In time of a war secrecy is absolutely necessary. However, it is only good in moderation. A good example of this is a story of tanks equipped with CDL lighting devices. Their production and testing was so classified that as a result these powerful machines did not come out to the battlefields of World War II.
In 1915 a British officer Oscar De Toren offered an interesting project. Its essence was as follows: a powerful light source is mounted on a car or on a tank to blind the enemy in the dark. When the war ended, the interest in his proposal dissolved, but then De Toren was able to interest the French government in his idea.
The inventor worked as a civilian, that is, sent a proposal on behalf of his syndicate. Interestingly, the project leader was Mitzakis (a British citizen of Greek origin), Technical Advisor - Major-General Fuller, the famous expert in the field of tank weapons. The project was financed by the Duke of Westminster.
The first reveal of the installation took place in 1934 in France, then in 1936, and then the offer once again interested the British Military Office. The demonstration was held in England in 1937 on Salisbury Plain, and, apparently, was quite successful, because after only 10 days after the start of World War II there was an order for the production of 300 units.
The device of de Toren was as simple as it was ingenious. Its goal was to illuminate the darkness of the night battle by a narrow beam of bright, flickering light to blind the observers.
The tower to be mounted on a tank was divided into two sections: the left was for the operator, and the right one housed the CDL unit with the capacity of 13 million candles. The power to supply electricity to two carbon electrodes was produced by its own engine. The intense beam of light first went into a parabolic mirror and then reflected from a flat, polished aluminum plate outside through the gap two inches wide and 24 inches high. It was made so narrow to not allow any enemy bullets in.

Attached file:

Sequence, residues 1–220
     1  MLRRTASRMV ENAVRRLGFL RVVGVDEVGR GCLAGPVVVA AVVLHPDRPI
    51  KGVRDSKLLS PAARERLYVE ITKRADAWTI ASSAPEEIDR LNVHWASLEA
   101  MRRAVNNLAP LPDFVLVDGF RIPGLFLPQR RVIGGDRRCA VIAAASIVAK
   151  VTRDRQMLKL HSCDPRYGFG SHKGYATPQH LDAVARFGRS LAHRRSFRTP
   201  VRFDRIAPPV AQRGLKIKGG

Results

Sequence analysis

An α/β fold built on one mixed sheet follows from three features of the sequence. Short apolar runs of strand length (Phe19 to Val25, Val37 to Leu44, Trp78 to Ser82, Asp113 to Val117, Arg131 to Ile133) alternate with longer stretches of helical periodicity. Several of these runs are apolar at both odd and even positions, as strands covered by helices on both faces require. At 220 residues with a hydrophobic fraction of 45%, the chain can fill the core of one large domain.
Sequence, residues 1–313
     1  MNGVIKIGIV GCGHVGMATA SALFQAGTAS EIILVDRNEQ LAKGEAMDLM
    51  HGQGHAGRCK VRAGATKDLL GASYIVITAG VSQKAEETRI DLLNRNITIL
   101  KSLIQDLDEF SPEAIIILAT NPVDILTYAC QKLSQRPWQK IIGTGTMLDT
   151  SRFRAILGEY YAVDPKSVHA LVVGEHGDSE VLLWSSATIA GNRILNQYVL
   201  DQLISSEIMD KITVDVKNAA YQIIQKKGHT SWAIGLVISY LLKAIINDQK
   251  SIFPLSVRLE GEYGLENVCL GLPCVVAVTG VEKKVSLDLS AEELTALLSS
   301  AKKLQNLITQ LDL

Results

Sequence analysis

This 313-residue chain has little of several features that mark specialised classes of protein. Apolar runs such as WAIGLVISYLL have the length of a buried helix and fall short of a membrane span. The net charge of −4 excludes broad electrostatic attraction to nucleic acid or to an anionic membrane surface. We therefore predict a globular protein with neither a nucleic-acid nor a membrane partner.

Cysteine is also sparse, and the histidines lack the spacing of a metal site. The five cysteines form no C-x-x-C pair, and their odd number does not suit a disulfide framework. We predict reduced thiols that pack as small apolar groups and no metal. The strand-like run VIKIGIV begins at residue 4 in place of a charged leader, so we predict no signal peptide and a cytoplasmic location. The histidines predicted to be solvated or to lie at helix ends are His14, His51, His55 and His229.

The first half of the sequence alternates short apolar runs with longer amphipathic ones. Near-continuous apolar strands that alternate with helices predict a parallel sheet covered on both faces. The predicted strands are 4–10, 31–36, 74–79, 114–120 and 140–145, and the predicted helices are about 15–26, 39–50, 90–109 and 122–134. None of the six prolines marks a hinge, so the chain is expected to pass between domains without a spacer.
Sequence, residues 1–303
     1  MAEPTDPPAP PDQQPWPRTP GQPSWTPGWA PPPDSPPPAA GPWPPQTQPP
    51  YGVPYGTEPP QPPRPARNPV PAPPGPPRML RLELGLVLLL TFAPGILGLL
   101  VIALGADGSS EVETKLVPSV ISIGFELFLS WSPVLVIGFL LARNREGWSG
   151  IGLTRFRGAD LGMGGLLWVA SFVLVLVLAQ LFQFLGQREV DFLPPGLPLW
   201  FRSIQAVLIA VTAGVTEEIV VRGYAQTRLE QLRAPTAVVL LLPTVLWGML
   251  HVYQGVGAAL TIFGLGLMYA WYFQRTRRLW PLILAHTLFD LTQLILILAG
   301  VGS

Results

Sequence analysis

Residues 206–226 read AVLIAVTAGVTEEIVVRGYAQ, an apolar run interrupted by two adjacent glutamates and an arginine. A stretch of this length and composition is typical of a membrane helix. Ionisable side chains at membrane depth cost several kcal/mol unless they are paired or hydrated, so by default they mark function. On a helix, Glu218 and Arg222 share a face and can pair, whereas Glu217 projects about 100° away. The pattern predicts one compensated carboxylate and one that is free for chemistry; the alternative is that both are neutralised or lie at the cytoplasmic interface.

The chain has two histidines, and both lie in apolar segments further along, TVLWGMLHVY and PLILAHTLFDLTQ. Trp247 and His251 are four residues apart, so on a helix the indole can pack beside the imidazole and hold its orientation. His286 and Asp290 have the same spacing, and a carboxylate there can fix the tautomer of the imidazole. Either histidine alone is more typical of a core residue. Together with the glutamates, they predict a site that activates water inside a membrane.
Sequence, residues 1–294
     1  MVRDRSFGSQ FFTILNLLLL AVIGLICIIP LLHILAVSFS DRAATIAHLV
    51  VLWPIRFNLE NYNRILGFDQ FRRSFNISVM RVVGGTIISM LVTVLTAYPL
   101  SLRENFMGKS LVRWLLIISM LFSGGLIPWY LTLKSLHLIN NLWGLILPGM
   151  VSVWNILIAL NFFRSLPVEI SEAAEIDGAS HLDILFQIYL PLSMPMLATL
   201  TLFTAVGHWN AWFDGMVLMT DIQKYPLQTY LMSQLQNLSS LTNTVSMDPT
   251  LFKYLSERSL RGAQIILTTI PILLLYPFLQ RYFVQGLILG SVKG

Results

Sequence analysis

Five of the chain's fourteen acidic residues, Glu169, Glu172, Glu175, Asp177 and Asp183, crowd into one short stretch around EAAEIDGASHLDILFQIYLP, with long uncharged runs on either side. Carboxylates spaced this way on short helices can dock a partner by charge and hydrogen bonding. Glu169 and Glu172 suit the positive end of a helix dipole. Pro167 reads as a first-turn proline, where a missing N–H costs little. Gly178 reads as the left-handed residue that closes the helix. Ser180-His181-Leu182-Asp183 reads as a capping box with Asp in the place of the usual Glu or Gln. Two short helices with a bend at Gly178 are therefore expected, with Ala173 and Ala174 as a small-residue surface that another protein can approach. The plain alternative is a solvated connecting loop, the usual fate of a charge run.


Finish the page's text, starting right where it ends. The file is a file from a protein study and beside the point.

The design allows the light to flash at a frequency of six times per second. For self-defense the towers had a machine gun. The angle of the beam emerging from the tower was 19 degrees, allowing the tanks stationed every 30 meters to cover the entire area in front of it at a distance of 180 to 900 meters with beams of light.
Since the CDL program was top secret, a base for re-training the tank crews was placed as far as possible - namely, in Scotland, near Lowther Castle. It was cold, and the living conditions of the personnel were "simply awful", but there could be no fear of German spies and spy planes. The latter was especially important because the new tanks were tested at night, and the light from them was so strong that, for example, one could easily read a newspaper in the neighboring town of Penrith located at a distance of six miles. This light was provided by only 16 tanks.
Therefore, at a threat of an air attack in the Lowther a special warning was issued, and the entire area was immersed in darkness. The life of the farmers in the vicinity of the castle was completely unbearable, because tanks destroyed the fence and crops, but the government paid compensation to all of them.
The first large-scale tests of CDL tanks were held on May 5, 1942, and later it was repeated for the Americans with the participation of American soldiers. They made such a strong impression on General Eisenhower that he immediately ordered to install the same tower on the American tanks. To enable this, another base similar to Lowther was established in South Wales.